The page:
ExistentialismExistentialism is a concept that became popular during the secondWorld War in France, and just after it. French playrights have often usedthe stage to express their views, and these views came to surface evenduring a Nazi occupation.
Bernard Shaw got his play “Saint Joan” past theGerman censors because it appeared to be very Anti-British. Frenchaudiences however immediately understood the real meaning of the play, andreplaced the British with the Germans. Those sorts of “hidden meanings”were common throughout the period so that plays would be able to passcensorship. Existentialism proposes that man is full of anxiety and desparewith no meaning in his life, just simply existing, until he made decisivechoice about his own future.Order now
That is the way to achieve dignity as a humanbeing. Existentialists felt that adopting a social or political cause wasone way of giving purpose to a life. Sartre is well known for the “Theatreengage” or Theatre ‘commited’, which is supposedly commited to socialand/or political action. On of the major playwrights during this period was Jean-PaulSartre. Sartre had been imprisoned in Germany in 1940 but managed toescape, and become one of the leaders of the Existential movement. Otherpopular playwrights were Albert Camus, and Jean Anouilh.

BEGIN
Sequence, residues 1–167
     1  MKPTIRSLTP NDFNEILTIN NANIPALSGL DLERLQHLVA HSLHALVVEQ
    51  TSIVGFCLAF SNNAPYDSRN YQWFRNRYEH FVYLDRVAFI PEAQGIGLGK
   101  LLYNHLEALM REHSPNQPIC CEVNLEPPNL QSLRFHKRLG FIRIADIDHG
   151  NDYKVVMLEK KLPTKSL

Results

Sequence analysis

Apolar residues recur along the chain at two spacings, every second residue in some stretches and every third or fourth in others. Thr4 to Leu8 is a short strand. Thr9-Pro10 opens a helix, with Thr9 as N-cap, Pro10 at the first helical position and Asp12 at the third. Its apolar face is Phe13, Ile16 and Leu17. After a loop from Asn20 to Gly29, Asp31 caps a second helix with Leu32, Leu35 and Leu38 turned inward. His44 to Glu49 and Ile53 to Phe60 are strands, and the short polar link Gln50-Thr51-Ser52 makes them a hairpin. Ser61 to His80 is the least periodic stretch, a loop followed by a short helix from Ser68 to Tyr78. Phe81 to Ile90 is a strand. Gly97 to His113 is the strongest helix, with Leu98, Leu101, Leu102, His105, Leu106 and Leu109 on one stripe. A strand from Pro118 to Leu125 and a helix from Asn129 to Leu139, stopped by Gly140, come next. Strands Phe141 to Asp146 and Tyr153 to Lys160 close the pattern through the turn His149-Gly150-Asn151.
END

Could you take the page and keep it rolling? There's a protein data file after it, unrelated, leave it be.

Just likeAnouilh, Camus accidentally became the spokesman for the French Undergroundwhen he wrote his famous essay, “Le Mythe de Sisyphe” or “The Myth ofSisyphus”. Sisyphus was the man condemned by the gods to roll a rock to thetop of a mountain, only to have it roll back down again. For Camus, thisrelated heavily to everyday life, and he saw Sisyphus an “absurd” hero,with a pointless existance. Camus felt that it was necessary to wonderwhat the meaning of life was, and that the human being longed for somesense of clarity in the world, since “if the world were clear, art wouldnot exist”. “The Myth of Sisyphus” became a prototype for existentialism inthe theatre, and eventually The Theatre of the Absurd.
Right after the Second World War, Paris became the theatre capitalof the west, and popularized a new form of surrealistic theatre called”Theatre of the Absurd”. Many historians contribute the sudden popularityof absurdism in France to the gruesome revelations of gas chambers and waratrocities coming out of Germany after the war. The main idea of TheTheatre of the Absurd was to point out man’s helplessness and pointlessexistance in a world without purpose. As Richard Coe described it “It isthe freedom of the slave to crawl east along the deck of a boat goingwest”.
Two of the most popular playwrights of this time include SamuelBeckett, who’s most famous piece was “Waiting for Godot”, and EugeneIoensco with “Exit the King”. Most absurdist plays have no logical plot. The absense of the plot pushes an emphasis on proving the pointlessexistance of man. Quite often, such plays reveal the human condition atit’s absolute worst.
Absurdist playwrites often used such techniques as symbolism, mime,the circus, and the commedia dell’arte, which are quite evident in the morepopular plays of the time, such as Waiting for Godot, The Bald Prima Donna,and Amedee.